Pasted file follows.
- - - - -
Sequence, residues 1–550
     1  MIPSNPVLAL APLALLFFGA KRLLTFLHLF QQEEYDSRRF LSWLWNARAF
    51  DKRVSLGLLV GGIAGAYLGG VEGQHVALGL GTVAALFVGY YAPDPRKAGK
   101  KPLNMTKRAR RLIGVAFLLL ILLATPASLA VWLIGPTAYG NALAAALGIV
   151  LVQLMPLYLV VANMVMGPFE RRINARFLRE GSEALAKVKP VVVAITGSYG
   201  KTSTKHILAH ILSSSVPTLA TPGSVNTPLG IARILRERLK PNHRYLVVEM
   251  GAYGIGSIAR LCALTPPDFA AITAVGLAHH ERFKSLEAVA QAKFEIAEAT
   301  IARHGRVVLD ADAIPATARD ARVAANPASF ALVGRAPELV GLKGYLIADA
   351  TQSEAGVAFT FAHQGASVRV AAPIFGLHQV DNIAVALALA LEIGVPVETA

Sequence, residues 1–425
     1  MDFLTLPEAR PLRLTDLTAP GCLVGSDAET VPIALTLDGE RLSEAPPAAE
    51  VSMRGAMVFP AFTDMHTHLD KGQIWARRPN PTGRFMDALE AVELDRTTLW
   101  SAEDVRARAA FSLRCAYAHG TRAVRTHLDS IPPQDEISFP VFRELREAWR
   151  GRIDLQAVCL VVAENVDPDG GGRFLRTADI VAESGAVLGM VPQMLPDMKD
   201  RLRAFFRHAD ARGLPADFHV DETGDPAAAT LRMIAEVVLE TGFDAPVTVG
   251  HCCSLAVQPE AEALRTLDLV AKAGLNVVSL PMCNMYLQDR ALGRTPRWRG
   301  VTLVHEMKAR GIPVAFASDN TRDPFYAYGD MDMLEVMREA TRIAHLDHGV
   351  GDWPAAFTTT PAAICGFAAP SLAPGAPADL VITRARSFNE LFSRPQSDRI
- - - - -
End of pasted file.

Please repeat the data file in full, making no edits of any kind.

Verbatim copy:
Sequence, residues 1–550
     1  MIPSNPVLAL APLALLFFGA KRLLTFLHLF QQEEYDSRRF LSWLWNARAF
    51  DKRVSLGLLV GGIAGAYLGG VEGQHVALGL GTVAALFVGY YAPDPRKAGK
   101  KPLNMTKRAR RLIGVAFLLL ILLATPASLA VWLIGPTAYG NALAAALGIV
   151  LVQLMPLYLV VANMVMGPFE RRINARFLRE GSEALAKVKP VVVAITGSYG
   201  KTSTKHILAH ILSSSVPTLA TPGSVNTPLG IARILRERLK PNHRYLVVEM
   251  GAYGIGSIAR LCALTPPDFA AITAVGLAHH ERFKSLEAVA QAKFEIAEAT
   301  IARHGRVVLD ADAIPATARD ARVAANPASF ALVGRAPELV GLKGYLIADA
   351  TQSEAGVAFT FAHQGASVRV AAPIFGLHQV DNIAVALALA LEIGVPVETA

Sequence, residues 1–425
     1  MDFLTLPEAR PLRLTDLTAP GCLVGSDAET VPIALTLDGE RLSEAPPAAE
    51  VSMRGAMVFP AFTDMHTHLD KGQIWARRPN PTGRFMDALE AVELDRTTLW
   101  SAEDVRARAA FSLRCAYAHG TRAVRTHLDS IPPQDEISFP VFRELREAWR
   151  GRIDLQAVCL VVAENVDPDG GGRFLRTADI VAESGAVLGM VPQMLPDMKD
   201  RLRAFFRHAD ARGLPADFHV DETGDPAAAT LRMIAEVVLE TGFDAPVTVG
   251  HCCSLAVQPE AEALRTLDLV AKAGLNVVSL PMCNMYLQDR ALGRTPRWRG
   301  VTLVHEMKAR GIPVAFASDN TRDPFYAYGD MDMLEVMREA TRIAHLDHGV
   351  GDWPAAFTTT PAAICGFAAP SLAPGAPADL VITRARSFNE LFSRPQSDRI